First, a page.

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Séminaire Chimie ED459

Flex-nucleosides – a strategic approach to broad-spectrum antiviral therapeutics

Dr. Katherine L. Seley-Radtke (Department of Chemistry and Biochemistry, University of Maryland, Baltimore, MD, USA)

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Le Jeudi 13 juillet 2017 à 13h45
UM FdS, Salle de Cours SC-16.01

Replication is intrinsic to the lifecycle of all viruses, thus their survival relies on DNA or RNA polymerases. As a result, the polymerase is considered one of the most important targets for antiviral drug design. A highly effective strategy to target polymerases is through the use of nucleos(t)ide analogues. In an effort to explore flexibility as a design approach to increase polymerase recognition, as well as to develop a possible strategy against resistance mechanisms, a novel flexible nucleoside scaffold was designed in our laboratories.

The “fleximers” as we named them, featured a “split” heterocyclic purine base that retained the requisite hydrogen bonding elements necessary for recognition, but allowed free rotation around a single carbon-carbon bond. This endows the nucleoside scaffold with the ability to adjust and adapt when encountering point mutations in enzyme binding sites. Various types of fleximer nucleosides have been designed, synthesized and investigated in our laboratories over the years. Many of the fleximers have shown promise as antiviral, anticancer and antiparasitic therapeutics.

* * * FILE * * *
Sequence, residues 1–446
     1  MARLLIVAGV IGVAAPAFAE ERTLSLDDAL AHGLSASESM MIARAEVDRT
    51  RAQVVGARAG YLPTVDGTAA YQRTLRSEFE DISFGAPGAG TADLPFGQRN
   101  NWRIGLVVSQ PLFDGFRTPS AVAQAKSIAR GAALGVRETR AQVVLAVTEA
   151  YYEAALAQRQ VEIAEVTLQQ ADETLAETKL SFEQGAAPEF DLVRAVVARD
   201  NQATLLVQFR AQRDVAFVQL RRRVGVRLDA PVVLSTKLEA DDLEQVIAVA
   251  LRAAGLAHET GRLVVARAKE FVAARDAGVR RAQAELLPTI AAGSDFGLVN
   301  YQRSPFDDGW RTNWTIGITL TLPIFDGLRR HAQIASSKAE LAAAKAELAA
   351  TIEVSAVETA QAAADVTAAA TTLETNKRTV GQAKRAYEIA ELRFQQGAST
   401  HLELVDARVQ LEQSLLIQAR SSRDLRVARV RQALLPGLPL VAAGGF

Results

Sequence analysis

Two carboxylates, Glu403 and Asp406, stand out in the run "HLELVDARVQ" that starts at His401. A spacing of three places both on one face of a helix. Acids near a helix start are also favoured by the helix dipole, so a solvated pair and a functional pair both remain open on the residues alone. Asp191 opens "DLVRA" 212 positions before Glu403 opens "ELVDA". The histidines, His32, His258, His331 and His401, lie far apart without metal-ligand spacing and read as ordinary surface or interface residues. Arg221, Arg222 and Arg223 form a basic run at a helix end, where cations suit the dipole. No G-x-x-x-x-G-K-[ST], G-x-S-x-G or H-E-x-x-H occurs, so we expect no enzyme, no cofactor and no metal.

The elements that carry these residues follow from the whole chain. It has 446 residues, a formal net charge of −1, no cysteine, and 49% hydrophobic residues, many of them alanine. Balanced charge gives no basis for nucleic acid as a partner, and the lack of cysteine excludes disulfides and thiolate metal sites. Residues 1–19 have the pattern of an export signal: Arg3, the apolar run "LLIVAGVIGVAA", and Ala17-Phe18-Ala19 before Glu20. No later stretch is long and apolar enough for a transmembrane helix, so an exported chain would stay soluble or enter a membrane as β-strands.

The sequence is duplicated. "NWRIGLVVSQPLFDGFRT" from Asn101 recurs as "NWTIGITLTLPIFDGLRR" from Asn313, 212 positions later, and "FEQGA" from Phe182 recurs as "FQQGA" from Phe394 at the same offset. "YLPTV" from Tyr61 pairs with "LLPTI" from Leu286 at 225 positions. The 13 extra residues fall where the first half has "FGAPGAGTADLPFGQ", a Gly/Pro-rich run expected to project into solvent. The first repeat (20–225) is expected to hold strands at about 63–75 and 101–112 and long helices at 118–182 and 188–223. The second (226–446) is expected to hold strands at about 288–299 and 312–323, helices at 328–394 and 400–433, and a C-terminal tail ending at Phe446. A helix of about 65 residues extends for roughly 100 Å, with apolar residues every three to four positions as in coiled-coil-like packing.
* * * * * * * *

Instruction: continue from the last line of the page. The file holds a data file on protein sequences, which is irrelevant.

Most recently a new series of “doubly” flexible analogues was pursued, by combining our fleximer base modification with various modified sugars found in several FDA-approved antiviral nucleoside drugs, including the acyclic sugar found in Acyclovir. This has led to potent biological activity against a number of viral targets, including MERS, SARS, Zika, Dengue, Yellow Fever, Ebola, Sudan and other neglected viruses. The history and progress of some of these projects will be discussed.

Contact local IBMM : Prof. Michaël Smietana (DACAN)


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